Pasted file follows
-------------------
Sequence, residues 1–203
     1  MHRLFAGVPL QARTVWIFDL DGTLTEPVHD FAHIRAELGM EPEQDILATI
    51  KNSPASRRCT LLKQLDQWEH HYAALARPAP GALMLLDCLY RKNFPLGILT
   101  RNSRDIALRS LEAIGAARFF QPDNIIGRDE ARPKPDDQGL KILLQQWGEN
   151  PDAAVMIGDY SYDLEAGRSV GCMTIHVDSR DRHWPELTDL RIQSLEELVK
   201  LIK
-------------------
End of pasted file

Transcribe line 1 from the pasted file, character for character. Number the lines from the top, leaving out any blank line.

Sequence, residues 1–203